On Monday, Malawi’s High Court nullified the country’s May presidential elections. The 500-page ruling includes a laundry list of election irregularities — and faults the Malawi Electoral Commission (MEC) for failing to carry out its responsibilities according to the constitution and electoral law. The court ruled that President Peter Mutharika was “not duly elected” and called for fresh elections within 150 days.
The High Court’s panel of five judges further ruled that the simple plurality standard that has determined the winner of each presidential election since the return to multiparty competition in 1994 has gone against the “majority” principle in Malawi’s constitution.… Seguir leyendo »
Welcome to the sixth annual TMC African Politics Summer Reading Spectacular. Please read along with us this summer!
A book that opens “It began with a rumour” will give me high expectations. That sentence opens this week’s installment in the African Politics Summer Reading Spectacular, Nanjala Nyabola’s “Digital Democracy, Analogue Politics: How the Internet Era is Transforming Politics in Kenya.” And readers, the book exceeded my expectations.
We originally selected Nyabola’s book for this summer’s series because we knew it would offer insights on how digital developments are shaping politics in contemporary Kenya. But “Digital Democracy” delivers more than that.… Seguir leyendo »
Public health authorities have recorded more than 2,000 cases in the ongoing Ebola outbreak in eastern Congo. Last week, a 5-year-old boy died of Ebola in neighboring Uganda, signifying the outbreak has spread across the border. The latest update published by the World Health Organization (WHO) suggests the Congolese outbreak is not close to ending — the number of new cases is actually on the rise.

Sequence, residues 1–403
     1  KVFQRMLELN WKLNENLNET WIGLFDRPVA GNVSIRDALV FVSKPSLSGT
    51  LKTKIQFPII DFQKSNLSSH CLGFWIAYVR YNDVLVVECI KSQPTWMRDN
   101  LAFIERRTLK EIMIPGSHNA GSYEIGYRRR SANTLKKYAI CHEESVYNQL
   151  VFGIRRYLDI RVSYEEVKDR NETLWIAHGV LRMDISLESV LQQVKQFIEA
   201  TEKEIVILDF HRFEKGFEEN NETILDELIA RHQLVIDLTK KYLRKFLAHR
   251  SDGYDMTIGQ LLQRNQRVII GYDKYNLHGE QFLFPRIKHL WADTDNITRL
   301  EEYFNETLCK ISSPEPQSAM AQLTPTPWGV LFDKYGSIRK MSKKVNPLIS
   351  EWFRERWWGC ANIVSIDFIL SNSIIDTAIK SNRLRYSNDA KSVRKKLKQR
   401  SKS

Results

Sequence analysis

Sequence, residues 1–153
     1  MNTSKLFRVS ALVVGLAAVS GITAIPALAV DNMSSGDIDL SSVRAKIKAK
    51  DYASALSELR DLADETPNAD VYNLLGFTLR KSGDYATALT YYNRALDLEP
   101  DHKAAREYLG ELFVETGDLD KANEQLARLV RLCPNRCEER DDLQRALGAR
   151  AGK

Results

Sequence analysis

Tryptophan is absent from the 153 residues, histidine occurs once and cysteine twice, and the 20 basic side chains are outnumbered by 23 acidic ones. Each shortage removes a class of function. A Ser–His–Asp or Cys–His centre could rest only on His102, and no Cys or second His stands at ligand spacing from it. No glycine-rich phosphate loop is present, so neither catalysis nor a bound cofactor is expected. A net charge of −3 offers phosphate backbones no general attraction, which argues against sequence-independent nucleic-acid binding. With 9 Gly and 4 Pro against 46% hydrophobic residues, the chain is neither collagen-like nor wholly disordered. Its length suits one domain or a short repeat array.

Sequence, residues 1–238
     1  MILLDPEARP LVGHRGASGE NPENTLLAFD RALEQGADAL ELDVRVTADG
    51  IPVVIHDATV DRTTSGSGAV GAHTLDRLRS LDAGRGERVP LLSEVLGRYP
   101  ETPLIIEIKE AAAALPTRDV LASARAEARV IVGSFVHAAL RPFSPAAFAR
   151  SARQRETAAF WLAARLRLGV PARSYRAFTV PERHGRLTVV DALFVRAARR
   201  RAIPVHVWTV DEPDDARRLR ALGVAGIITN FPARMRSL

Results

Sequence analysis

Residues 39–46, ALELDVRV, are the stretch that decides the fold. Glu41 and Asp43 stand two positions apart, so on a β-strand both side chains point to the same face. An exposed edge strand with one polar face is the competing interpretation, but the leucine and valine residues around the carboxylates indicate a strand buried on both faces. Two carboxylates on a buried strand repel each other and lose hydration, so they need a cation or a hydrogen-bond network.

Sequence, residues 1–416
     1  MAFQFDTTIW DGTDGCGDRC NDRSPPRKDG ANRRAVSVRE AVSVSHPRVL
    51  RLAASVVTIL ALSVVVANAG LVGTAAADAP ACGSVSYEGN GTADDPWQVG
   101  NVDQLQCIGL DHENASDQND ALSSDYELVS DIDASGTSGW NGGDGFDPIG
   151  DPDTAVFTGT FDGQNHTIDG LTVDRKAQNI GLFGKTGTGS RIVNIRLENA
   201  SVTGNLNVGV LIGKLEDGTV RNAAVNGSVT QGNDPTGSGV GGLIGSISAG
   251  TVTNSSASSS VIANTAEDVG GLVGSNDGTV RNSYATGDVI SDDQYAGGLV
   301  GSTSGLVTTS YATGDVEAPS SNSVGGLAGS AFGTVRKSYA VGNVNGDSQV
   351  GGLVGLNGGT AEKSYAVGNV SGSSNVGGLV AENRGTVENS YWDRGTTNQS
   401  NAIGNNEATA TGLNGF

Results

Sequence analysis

This is the second-deadliest Ebola outbreak on record. In the 2014-2016 Ebola epidemic in West Africa, health authorities recorded more than 28,000 cases, and more than 11,000 people died.
Why has the current Congolese outbreak been so challenging for the government and other stakeholders to contain?… Seguir leyendo »
Last month, thousands of scholars, practitioners, activists and policymakers attended the 22nd International AIDS Conference in Amsterdam. The biennial conference highlights advances in research and policy interventions aimed at stemming the tide of AIDS.
More than three decades since the first International AIDS Conference was held, AIDS continues to affect millions of people worldwide. In 2017, UNAIDS estimated that 36.9 million people were living with HIV, the virus that causes AIDS. In the same year, 940,000 people died of AIDS.
AIDS is the leading cause of death in Africa. The Global Burden of Disease study estimated that HIV/AIDS accounted for 8.8… Seguir leyendo »
Pirates. Terrorists. Refugees. There is a long history of negative portrayals of Somalis around the world.
Consider, for example, Kenyan Somalis. According to the most recent census, there are 2.4 million Somalis in Kenya (out of an overall population of 38.6 million in the country). Somalis have lived in Kenya since before colonial rule. By the early 20th century, Somali-speaking nomads established themselves in what is now northeastern Kenya. Still, when you read about Kenyan Somalis in major media outlets, they are portrayed as “others” or as strangers in stories about terrorism or refugees.
How can Somalis be both citizens and strangers in Kenya?… Seguir leyendo »
This week, Nigerian military sources reported that Boko Haram fighters killed nine soldiers and wounded two others in northeast Nigeria. This comes just a week after two suicide bombers killed 43 people, also in northeast Nigeria.
A video released this week by Vox raises the alarm that Islamist militant groups such as Boko Haram are gaining strength in Africa. Most reporting on Boko Haram and other extremist groups in Africa warn that extremism on the continent is on the rise.
Alexis Okeowo’s award-winning book — “A Moonless, Starless Sky: Ordinary Women and Men Fighting Extremism in Africa” — offers a different perspective on Boko Haram and other extremist groups in Africa.… Seguir leyendo »
As the holy month of Ramadan ended yesterday, a prominent Muslim rights group called on Nigerian President Muhammadu Buhari to pardon 54 soldiers imprisoned for mutiny. In 2014, the soldiers refused to fight the terrorist group Boko Haram, claiming they were not adequately supplied with weapons and ammunition.